Simonyi, Károly

(Egyházasfalu, October 18th, 1916 – Budapest, October 9th 2001)

Simonyi, Károly

An outstanding scholar-educator whose brilliant lectures, and the trilogy of his great books The Foundations of Electrical Engineering, The Physics of Electronics and Electromagnetic Theory founded an international “invisible college” in electrical and electronic engineering. His book The Cultural History of Physics bridges the gap between the “two cultures”, contributing to a new enlightenment.

Károly Simonyi was born on a small village in western Hungary, as the seventh child of a farming family of ten children. The local priest soon recognized the exceptional talent of the bright boy, and brought him to the notice of a distant member of the Simonyi family, a well-known scholar who, for a few months in 1920, was Hungary's Prime Minister. This relative agreed to sponsor the education of the young Simonyi.

In 1940 Károly Simonyi obtained the Dipl. Eng. Degree with full distinction from the Technical University of Budapest, Web link and gained the L.L.D. degree in law from the University Web link of Pécs.Web link

After graduation he became assistant professor of the newly established Department of Atomic Physics at the Technical University of Budapest, and research associate at the Tungsram Laboratory directed by Zoltán Bay. He spent the war years working in electromagnetics. Near the end of the war he was called into military service and spent the last months in Russia and Polandas a prisoner of war. Returning home in 1946, he re-joined Zoltán Bay's research team, working on radar systems. His contributions to the first radar-astronomy Moon Echo experiment were fundamental.

In 1948 he became professor of electrical engineering at the University Web link of Sopron, Web link where he designed and built a nuclear particle accelerator.

In 1952 Simonyi returned to Budapest, taking up a post as full professor and founding a new chair at the Technical University. At the same time, he became one of the founders of the National Research Institute for Physics, Web link leading the Department of Atomic Physics. He led nuclear physics experiments, designed and built a series of particle accelerators, and pioneered experimental techniques; for example, his team was the first to study a “star-like fusion reactor”.

Among his many major contributions to the field was a paper on the steady state of a deuterium tritium plasma mixture under constant pressure in a spherical container, attracting worldwide attention.

During the Hungarian Revolution of 1956, Károly Simonyi was elected chairman of the Revolutionary Council of the National Research Institute for Physics. However, after the revolution he was dismissed from his post at the National Research Institute for Physics, and had to give up his research. Some years later he was also forced to leave the chair he founded at the Technical University of Budapest.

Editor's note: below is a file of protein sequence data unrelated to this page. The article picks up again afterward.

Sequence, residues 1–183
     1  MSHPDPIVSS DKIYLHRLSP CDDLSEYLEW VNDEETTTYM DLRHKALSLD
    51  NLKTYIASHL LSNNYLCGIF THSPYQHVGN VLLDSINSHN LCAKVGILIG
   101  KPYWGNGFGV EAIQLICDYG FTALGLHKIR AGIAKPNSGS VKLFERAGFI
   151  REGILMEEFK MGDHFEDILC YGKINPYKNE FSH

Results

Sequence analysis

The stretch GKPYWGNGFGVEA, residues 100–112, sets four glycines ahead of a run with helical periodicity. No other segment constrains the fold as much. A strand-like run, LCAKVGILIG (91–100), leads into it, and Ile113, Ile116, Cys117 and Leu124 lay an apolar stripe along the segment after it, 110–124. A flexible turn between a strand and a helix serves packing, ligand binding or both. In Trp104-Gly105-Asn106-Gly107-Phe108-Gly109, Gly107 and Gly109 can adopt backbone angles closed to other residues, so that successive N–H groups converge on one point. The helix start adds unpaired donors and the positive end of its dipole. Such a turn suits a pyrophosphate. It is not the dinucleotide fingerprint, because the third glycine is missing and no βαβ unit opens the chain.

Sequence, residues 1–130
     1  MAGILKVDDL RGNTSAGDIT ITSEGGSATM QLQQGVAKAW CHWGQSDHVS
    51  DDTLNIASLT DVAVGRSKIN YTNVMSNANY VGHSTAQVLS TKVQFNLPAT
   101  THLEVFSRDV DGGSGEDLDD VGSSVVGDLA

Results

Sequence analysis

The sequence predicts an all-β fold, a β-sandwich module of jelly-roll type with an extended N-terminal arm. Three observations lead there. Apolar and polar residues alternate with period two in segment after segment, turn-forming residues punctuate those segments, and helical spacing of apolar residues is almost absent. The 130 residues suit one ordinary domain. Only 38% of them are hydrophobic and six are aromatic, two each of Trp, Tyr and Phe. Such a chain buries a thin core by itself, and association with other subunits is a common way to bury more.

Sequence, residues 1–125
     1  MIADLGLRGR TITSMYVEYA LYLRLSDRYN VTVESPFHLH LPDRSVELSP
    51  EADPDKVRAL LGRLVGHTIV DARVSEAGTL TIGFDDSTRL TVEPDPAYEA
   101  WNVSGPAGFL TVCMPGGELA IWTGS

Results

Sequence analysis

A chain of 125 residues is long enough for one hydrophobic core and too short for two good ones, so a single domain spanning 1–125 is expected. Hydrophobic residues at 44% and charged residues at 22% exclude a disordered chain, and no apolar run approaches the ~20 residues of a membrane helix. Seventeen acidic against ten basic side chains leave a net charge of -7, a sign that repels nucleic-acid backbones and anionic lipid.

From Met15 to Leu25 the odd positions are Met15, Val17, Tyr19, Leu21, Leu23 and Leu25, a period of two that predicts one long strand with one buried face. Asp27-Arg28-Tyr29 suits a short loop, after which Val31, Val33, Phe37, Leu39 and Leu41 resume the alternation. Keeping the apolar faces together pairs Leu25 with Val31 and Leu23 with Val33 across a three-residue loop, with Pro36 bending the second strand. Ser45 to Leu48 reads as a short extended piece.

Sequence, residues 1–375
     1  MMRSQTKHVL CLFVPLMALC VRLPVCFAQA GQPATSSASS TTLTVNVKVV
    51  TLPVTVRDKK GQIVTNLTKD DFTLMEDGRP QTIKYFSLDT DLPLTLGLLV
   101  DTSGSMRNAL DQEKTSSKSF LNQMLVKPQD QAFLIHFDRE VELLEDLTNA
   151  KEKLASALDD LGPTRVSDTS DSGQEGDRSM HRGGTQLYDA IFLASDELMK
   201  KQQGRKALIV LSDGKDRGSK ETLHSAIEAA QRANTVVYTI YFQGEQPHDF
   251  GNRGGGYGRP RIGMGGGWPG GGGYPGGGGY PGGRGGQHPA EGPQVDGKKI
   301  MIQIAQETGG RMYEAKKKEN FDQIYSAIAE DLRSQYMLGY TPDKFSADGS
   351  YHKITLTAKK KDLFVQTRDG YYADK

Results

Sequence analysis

The students lost most. He had always been an inspired teacher. “The writer of a textbook is akin to a concert performer: not the composer, but a creative interpreter.” Truly, he had been an exceptional teacher, offering to his audience a memorable creative performance at each lecture. Aggrieved by his absence from the University, the students invited him to give classes at their halls of residence.

So, in 1970, he decided to devote his attention to the history of physics, to the integration of human knowledge, to filling the gap between the “two cultures”. He was convinced that there is one single human culture, to which every branch of science and art contributes. He started lecturing on the history of the sciences, and working on a new book: The Cultural History of Physics, published in 1976. His lectures were attented by his students of electrical engineering and by students of all faculties, by colleagues, scholars, and high-school teachers. In a decade, 64,000 copies of the book were sold. In 1990 the book was first published in German, and the second revised edition appeared in 1995.

At a difficult time of the history of Central and Eastern Europe, Professor Simonyi's teaching and personal example radiated hope among be his students and work as young scientists under his direction. Many of them became leading researchers as Árpád Csurgay and Tamás Roska.

Memberships: Correspondent member of Hungarian Academy of Science (1993),

Awards: Prometheus Medal of Roland Eötvös Physical Society (1980), Golden award of Work (1982), First Degree of Award of State (1985), Doctor honoris causa of Technical University of Budapest (together with Ede Teller ) (1991), Scientist of the Year (1996) (Since then a star unvisible by eyes at the forefinger of constellation Andromeda has borne his name.), Flag Order of Hungarian Republic, a Magyar Köztársasági Érdemrend Középkeresztje.(1997), Prize of Hungarian Heritage (1998), Golden Medal of Hungarian Academy of Science (2000)